Release date: 6/6/2013

San Francisco Opera Presents the World Premiere of The Gospel of Mary Magdalene with Music and Libretto by Mark Adamo

Starring Sasha Cooke as Mary Magdalene and Nathan Gunn as Yeshua June 19-July 7, War Memorial Opera House

Related Ancillary Events, Pre-Performance Lectures and Post-PerformanceTalk-Backs Encourage Audience Discussion and Exploration

Photos Available
San Francisco Opera presents the world premiere of The Gospel of Mary Magdalene, with music and libretto by Mark Adamo, opening June 19, 2013 and running for seven performances through July 7. Mary Magdalene was long dismissed as a minor figure in Christian lore until, in 1948, archaeologists discovered a trove of alternate versions of the Gospels that argued she may not only have been Jesus’ closest companion, but also his most respected and esteemed disciple. The resulting controversy has inspired and inflamed Western culture for the past sixty years. Now Mark Adamo, the composer-librettist of the internationally acclaimed operas Little Women and Lysistrata, approaches the debate with a new grand-scale opera.
 
Commissioned by San Francisco Opera, the opera stars Sasha Cooke as Mary Magdalene and Nathan Gunn as Yeshua (Jesus).  The resplendent cast also features soprano Maria Kanyova as Miriam (the mother of Yeshua) and William Burden as the apostle Peter.  Director Kevin Newbury, lauded for his “imagination and emotional nuance” (The New York Times), and conductor Michael Christie both make their San Francisco Opera debuts with this production.  
 
Unlike stories such as The Da Vinci Code, which is based on medieval myth, The Gospel of Mary Magdalene is supported by six years of Adamo’s own research into ancient texts and modern biblical scholarship.  Adamo has written a libretto that scrutinizes Christian scripture and transforms it into an alternate history of sorts.  Played out through human characters struggling with the role of sexuality in a patriarchal world, the opera reimagines a neglected, yet pivotal, female character who was traditionally (and erroneously) labeled as a prostitute but who, amidst the contentious religious politics of the time, was able to show Jesus the moral dignity of women.  Composed for a cast of 25 solo roles, a chorus of 48, and an orchestra of 65 in two acts, The Gospel of Mary Magdalene marks Adamo’s debut with San Francisco Opera.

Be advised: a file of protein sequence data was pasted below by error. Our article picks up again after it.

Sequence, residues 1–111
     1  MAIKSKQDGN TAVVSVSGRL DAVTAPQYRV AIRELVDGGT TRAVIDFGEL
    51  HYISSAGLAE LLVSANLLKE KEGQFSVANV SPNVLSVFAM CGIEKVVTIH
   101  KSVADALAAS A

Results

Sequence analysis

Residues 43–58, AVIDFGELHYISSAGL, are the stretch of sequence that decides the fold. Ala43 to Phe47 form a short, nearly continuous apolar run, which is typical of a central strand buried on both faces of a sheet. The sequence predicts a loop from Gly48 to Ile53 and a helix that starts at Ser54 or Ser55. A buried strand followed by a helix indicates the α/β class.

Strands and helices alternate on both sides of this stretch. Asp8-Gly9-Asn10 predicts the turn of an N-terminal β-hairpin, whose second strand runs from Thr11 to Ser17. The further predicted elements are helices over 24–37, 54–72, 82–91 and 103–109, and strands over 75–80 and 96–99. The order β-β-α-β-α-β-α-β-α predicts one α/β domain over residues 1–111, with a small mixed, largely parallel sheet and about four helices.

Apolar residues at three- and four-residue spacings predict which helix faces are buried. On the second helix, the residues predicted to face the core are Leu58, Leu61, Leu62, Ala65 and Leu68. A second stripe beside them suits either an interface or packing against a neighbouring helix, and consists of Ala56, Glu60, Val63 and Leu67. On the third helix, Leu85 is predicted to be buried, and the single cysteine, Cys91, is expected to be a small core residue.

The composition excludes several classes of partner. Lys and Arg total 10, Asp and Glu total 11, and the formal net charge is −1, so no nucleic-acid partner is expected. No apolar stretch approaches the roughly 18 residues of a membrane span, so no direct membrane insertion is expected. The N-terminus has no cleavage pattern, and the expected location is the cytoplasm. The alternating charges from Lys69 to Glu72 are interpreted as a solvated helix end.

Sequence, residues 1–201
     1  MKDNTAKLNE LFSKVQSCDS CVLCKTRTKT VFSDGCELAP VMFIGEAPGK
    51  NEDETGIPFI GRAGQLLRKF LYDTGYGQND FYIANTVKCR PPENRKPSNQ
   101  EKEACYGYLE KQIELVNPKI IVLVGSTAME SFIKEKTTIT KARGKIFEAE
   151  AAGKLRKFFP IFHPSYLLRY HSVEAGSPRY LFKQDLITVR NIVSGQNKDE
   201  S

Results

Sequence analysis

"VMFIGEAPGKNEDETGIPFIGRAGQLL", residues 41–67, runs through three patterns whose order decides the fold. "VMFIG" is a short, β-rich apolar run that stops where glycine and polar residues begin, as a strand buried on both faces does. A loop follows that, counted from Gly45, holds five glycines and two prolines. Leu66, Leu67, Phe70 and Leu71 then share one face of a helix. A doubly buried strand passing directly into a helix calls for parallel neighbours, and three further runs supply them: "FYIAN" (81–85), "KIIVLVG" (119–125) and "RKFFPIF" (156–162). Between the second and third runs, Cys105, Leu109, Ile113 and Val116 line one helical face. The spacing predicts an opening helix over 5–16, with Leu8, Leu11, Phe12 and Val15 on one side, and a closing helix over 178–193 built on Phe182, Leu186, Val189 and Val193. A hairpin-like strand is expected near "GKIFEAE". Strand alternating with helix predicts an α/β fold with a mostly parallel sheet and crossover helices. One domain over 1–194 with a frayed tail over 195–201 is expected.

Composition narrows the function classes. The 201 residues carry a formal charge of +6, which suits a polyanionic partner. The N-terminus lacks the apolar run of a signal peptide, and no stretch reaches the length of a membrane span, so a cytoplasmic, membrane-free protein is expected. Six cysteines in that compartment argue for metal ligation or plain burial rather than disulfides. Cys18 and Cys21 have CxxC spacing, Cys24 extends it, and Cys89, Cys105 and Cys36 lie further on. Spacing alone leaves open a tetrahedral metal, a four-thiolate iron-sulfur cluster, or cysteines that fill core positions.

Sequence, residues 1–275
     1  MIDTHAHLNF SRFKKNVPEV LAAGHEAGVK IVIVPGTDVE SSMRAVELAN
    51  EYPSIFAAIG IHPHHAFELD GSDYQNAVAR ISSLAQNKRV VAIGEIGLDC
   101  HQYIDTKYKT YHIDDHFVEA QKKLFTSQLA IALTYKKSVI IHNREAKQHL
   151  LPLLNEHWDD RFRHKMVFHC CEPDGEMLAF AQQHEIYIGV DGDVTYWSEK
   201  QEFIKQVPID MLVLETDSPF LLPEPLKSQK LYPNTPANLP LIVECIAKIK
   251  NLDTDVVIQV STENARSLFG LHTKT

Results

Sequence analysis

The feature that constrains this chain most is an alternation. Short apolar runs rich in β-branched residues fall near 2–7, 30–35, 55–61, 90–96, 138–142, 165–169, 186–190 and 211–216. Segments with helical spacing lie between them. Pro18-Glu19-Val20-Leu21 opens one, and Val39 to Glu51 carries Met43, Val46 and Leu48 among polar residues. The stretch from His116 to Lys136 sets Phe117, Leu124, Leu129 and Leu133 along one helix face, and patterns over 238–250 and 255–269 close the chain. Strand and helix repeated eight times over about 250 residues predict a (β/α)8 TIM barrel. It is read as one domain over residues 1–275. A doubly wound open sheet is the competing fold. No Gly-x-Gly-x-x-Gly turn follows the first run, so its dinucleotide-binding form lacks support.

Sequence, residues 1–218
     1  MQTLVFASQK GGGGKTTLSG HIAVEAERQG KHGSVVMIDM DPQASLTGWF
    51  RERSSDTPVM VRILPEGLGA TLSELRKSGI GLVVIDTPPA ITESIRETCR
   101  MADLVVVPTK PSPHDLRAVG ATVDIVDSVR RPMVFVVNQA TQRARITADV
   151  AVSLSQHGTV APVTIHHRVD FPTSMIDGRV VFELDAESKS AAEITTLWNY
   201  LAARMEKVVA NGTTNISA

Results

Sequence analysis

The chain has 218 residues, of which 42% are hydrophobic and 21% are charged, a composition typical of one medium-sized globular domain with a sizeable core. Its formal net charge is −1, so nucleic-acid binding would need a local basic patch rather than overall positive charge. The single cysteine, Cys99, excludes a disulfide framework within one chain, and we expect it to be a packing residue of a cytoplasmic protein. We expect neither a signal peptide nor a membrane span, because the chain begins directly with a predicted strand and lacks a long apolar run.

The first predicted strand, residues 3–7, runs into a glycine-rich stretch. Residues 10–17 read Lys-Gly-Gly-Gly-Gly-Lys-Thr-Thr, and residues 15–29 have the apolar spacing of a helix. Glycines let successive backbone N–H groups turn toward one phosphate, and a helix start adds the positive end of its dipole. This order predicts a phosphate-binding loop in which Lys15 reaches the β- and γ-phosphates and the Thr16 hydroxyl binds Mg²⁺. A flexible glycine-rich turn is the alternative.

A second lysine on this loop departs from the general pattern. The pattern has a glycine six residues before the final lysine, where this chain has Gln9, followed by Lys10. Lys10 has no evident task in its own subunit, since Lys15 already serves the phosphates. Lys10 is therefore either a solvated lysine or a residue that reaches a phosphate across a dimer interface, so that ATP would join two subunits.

Mark Adamo says of his composition: “No Gospel was written as history. But every gospel––not only those included in the New Testament––contains fragments of the history of Jesus of Nazareth and of those who followed him. In 2007 I wondered: could you develop from those fragments a credibly human original version of the story that we know only through its later, magical embellishments? In such a new New Testament, might its women characters speak as eloquently as its men?  (The Gnostic Gospels suggest as much.) And might such a story gain, rather than lose, nobility, breadth, passion, nerve, if––instead of the usual saints, angels, and sinners––it centered on human beings making momentous decisions guided only by  painful experience, moral intuition, and the light they have to see by?  The Gospel of Mary Magdalene is my answer."
 
American mezzo-soprano Sasha Cooke makes her San Francisco Opera debut as Mary Magdalene in this production. Last month Cooke appeared as soprano soloist in the San Francisco Symphony’s performances of Beethoven’s Missa Solemnis, which the San Francisco Chronicle described as “magical” and “luminous.” Also of that performance, the San Jose Mercury News wrote, “Flanking Tilson Thomas were four soloists, all excellent—though a special ‘hosanna’ must go out to mezzo-soprano Sasha Cooke, whose singing of ‘miserere nobis’ (‘have mercy upon us’) in the ‘Agnus Dei’ was like an expanding column of pure concentrated sound. It was soulfully unnerving, shaking your inners, bringing to mind the likes of Callas and Coltrane. Wow.”